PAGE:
We, Sonoma Solidarity with Standing Rock, launched the Standing Rock Genocide Prosecution Demand Campaign at the February 24th protest at SPO Partners in Mill Valley. Some of you may be thinking,
“Isn’t this overdoing it a bit? Genocide?”
I know that most of us were not raised with any education about genocide. It was a term and then an international law that was written after the Nazi genocide of the Jews in Germany and eastern Europe. The United States took 40 years to ratify the Genocide Conventions after they were first ratified by the United Nations in December 9, 1948. This was after the United States did all it could to undermine the effectiveness of this new law by having the U.N. remove the section on cultural genocide from the law.
The reason for this was that the U.S. would be in violation of this law immediately upon its ratification because of our treatment and policies toward American Indian nations, among others.
I have learned a great deal from both the writings and lectures of Ward Churchill, an American Indian Movement activist and historical scholar. So, I thought it would be good to let Ward explain the genocide of Indian people himself, rather than writing about it.
Here is a 29 minute lecture by Ward titled Genocide:
And here is a 1 hour 15 minute lecture titled Colonialism and Genocide, he gave in April, 2009
And here is a 56 minute lecture he gave November 11, 2005 on his book Kill the Indian, Save the Man, about the impact of the Indian Boarding School program in the U.S.:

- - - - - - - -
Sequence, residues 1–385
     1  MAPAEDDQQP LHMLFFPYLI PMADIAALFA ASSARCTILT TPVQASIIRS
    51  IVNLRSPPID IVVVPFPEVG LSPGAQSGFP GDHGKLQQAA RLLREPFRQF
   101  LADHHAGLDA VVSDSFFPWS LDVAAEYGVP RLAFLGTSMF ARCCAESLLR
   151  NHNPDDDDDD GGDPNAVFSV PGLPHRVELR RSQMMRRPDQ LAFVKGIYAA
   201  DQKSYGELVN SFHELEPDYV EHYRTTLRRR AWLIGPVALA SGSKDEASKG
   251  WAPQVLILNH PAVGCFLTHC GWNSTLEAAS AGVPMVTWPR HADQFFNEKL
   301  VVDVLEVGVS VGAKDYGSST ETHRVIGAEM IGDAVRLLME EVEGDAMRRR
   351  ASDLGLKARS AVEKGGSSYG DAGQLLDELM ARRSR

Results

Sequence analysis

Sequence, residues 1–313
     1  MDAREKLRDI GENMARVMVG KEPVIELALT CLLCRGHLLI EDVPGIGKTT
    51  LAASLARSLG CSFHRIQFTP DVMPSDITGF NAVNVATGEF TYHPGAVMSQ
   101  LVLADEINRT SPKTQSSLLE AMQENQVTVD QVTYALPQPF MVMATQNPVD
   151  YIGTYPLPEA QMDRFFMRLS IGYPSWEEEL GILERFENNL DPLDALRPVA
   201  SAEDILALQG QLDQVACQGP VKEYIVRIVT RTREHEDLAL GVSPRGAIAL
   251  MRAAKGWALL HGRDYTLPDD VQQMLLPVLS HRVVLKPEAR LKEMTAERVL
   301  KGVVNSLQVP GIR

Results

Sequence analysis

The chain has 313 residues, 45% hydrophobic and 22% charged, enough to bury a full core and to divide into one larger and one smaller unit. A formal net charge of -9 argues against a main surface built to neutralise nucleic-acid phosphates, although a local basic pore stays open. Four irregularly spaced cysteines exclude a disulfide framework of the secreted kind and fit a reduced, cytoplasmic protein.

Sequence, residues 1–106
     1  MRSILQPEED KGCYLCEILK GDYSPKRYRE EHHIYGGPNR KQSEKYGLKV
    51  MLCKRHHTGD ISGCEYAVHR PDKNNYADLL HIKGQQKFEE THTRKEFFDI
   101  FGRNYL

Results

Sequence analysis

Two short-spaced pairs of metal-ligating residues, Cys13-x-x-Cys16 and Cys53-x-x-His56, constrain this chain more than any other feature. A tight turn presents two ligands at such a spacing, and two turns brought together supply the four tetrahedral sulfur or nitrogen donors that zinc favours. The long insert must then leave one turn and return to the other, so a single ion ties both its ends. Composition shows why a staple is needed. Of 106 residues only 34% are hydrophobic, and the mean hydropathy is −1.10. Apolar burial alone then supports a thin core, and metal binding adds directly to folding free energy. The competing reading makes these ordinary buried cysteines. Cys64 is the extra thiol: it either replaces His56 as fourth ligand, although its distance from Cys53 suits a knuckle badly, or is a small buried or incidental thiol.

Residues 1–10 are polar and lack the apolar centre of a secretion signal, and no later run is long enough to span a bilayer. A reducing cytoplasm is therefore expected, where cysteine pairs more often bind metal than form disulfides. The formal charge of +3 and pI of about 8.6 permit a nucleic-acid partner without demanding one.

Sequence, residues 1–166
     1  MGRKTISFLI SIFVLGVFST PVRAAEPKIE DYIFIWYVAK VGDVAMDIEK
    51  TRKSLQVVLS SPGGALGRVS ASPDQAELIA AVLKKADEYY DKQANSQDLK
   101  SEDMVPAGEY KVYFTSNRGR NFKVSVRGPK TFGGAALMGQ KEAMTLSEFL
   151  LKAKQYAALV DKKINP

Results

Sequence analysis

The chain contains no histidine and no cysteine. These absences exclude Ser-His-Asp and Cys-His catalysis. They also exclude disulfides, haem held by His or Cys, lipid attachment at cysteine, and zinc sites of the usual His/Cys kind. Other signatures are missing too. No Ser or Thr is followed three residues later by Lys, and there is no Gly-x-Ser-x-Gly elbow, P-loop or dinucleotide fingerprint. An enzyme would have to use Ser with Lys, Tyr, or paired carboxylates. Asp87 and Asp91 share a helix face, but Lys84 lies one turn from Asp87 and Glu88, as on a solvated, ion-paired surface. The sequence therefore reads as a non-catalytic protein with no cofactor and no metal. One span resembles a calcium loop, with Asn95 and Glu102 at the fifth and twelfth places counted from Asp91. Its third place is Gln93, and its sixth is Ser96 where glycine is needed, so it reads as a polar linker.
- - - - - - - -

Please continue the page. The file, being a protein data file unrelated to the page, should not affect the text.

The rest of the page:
All of these lectures are very important for us to understand if we want to effectively carry out this new campaign. Please take the time to watch/listen to all three.
If you want more information, read A Little Matter of Genocide – Holocaust and Denial in the Americas 1492 to the Present (1997, City Lights Books) and Kill the Indian, Save the Man – The Genocidal Impact of American Indian Residential Schools (2004, City Lights Books) both by Ward Churchill.
When I initially put together the Big Mountain Genocide Demands in the late 1980s, Ward Churchill and attorney/fellow AIM activist from Colorado AIM, Glen Morris, helped us with the language we used in the final version of the Demand. At that time, before the internet, we had 30+ Big Mountain Support Groups participating in this campaign across the U.S. and also in Europe and Japan. In the U.S., Support Group members were taking this Demand to the U.S. Attorney in their area on coordinated dates. Our Japanese and European allies were taking the Demand to the U.S. Ambassador.